Plant hosts modify belowground microbial community response to extreme drought
, , , , , , , and
30 June 2020, mSystems; doi: 10.1128/mSystems.00092-20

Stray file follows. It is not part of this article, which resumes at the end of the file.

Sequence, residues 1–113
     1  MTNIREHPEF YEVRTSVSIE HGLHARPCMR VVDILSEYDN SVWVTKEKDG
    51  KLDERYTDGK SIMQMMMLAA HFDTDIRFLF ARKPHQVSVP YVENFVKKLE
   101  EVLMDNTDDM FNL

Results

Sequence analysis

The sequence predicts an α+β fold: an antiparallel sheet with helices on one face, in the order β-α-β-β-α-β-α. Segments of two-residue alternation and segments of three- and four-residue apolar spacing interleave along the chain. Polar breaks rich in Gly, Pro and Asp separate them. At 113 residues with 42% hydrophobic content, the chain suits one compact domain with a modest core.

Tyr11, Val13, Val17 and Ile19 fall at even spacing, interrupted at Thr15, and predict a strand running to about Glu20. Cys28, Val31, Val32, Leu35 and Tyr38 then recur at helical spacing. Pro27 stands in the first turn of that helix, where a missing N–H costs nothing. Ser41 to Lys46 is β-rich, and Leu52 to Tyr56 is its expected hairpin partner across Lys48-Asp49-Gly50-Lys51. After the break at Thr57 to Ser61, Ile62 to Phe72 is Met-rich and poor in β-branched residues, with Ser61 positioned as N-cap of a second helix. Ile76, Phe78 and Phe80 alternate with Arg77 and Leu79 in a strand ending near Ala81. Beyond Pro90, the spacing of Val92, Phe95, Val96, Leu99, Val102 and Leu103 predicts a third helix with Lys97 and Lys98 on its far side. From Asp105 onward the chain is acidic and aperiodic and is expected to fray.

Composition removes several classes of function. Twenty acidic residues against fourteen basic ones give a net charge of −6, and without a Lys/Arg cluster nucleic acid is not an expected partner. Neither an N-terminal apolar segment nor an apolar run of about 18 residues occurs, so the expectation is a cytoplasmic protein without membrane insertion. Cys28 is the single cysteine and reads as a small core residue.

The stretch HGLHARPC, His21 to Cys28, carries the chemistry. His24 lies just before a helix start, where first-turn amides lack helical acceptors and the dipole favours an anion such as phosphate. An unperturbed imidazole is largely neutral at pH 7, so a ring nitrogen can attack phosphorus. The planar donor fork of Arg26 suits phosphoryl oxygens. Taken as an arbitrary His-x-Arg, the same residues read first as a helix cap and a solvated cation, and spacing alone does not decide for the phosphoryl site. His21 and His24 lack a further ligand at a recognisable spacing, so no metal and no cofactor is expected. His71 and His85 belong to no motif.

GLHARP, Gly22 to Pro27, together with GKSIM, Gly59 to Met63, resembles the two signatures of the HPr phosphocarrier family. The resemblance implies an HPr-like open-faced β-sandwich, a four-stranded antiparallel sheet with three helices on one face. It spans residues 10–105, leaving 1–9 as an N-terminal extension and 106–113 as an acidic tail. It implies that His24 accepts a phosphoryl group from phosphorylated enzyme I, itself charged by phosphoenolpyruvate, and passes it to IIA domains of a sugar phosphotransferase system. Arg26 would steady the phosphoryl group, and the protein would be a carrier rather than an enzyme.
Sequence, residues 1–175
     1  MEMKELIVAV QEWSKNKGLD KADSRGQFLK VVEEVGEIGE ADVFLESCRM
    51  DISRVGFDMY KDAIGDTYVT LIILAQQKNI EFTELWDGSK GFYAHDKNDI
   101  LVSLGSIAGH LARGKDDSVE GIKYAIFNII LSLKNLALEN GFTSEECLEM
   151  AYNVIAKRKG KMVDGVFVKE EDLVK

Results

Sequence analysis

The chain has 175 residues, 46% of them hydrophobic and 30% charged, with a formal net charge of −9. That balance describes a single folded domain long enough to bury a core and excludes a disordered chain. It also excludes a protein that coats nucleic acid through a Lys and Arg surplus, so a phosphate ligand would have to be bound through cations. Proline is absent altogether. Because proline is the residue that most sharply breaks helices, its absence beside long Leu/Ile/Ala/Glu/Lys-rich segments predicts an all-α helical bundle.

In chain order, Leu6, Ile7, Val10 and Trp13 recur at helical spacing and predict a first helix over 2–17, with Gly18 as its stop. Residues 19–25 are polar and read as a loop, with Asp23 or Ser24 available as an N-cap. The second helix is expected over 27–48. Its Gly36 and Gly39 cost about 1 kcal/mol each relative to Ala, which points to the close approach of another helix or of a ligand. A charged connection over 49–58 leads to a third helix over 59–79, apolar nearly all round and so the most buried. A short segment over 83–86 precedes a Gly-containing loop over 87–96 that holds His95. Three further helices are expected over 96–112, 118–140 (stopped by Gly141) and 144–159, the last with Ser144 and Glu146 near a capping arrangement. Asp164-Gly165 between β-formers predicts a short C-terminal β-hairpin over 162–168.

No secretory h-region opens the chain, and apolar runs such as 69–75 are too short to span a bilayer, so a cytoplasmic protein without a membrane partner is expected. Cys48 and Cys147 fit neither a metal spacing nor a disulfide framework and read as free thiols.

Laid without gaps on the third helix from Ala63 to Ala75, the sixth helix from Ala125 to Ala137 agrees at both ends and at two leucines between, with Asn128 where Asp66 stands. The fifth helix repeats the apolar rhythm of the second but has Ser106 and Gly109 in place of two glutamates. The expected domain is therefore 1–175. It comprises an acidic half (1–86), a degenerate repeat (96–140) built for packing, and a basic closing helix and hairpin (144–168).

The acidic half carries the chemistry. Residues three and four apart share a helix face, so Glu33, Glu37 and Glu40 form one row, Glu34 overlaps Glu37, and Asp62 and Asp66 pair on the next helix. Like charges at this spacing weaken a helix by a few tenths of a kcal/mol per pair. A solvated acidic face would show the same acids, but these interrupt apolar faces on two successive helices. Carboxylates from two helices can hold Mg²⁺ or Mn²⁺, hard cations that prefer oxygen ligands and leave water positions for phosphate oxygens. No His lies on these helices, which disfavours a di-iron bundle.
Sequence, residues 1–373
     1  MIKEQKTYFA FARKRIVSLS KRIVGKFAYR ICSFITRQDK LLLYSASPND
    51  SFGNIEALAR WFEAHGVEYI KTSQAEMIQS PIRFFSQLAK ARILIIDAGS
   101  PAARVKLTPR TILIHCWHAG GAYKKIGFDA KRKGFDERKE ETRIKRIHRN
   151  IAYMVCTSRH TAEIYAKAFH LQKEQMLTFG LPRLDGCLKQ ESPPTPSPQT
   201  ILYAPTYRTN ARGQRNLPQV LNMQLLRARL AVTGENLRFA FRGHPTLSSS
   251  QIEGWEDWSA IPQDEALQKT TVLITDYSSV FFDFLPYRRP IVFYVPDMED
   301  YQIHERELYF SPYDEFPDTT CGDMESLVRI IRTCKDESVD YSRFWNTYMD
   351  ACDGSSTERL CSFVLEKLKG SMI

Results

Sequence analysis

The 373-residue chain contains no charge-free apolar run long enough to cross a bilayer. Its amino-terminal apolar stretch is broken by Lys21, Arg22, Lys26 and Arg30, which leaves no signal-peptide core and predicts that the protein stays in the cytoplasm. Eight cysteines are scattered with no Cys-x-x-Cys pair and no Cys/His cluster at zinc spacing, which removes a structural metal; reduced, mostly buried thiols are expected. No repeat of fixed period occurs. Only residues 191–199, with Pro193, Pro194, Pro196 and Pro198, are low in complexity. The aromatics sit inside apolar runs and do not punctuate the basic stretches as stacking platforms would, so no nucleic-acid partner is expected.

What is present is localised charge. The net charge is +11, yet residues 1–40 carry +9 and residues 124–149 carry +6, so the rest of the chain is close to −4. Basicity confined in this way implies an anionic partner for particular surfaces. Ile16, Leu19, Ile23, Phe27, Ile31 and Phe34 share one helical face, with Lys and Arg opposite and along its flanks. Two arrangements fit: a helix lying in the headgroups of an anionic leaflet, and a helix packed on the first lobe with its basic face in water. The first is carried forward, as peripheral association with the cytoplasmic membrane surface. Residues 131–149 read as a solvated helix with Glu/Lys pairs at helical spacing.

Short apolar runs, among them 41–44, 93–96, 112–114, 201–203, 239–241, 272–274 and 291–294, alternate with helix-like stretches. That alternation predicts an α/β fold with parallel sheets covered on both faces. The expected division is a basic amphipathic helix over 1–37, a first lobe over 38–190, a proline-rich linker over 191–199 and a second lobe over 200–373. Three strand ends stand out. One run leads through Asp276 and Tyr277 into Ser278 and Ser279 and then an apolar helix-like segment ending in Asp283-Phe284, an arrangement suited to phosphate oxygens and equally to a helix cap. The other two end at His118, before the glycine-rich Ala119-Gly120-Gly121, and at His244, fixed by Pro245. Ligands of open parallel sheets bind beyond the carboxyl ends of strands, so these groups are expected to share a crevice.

Drought stress negatively impacts microbial activity, but the magnitude of stress responses is likely dependent on a diversity of belowground interactions. Populus trichocarpa individuals and no-plant bulk soils were exposed to extended drought (∼0.03% gravimetric water content [GWC] after 12 days), rewet, and a 12-day “recovery” period to determine the effects of plant presence in mediating soil microbiome stability to water stress. Plant metabolomic analyses indicated that drought exposure increased host investment in C and N metabolic pathways (amino acids, fatty acids, phenolic glycosides) regardless of recovery. Several metabolites positively correlated with root-associated microbial alpha-diversity, but not those of soil communities. Soil bacterial community composition shifted with P. trichocarpa presence and with drought relative to irrigated controls, whereas soil fungal composition shifted only with plant presence. However, root fungal communities strongly shifted with drought, whereas root bacterial communities changed to a lesser degree. The proportion of bacterial water-stress opportunistic operational taxonomic units (OTUs) (enriched counts in drought) was high (∼11%) at the end of drying phases and maintained after rewet and recovery phases in bulk soils, but it declined over time in soils with plants present. For root fungi, opportunistic OTUs were high at the end of recovery in drought treatments (∼17% abundance), although relatively not responsive in soils, particularly planted soils (<0.5% abundance for sensitive or opportunistic). These data indicate that plants modulate soil and root-associated microbial drought responses via tight plant-microbe linkages during extreme drought scenarios, but trajectories after extreme drought vary with plant habitat and microbial functional groups.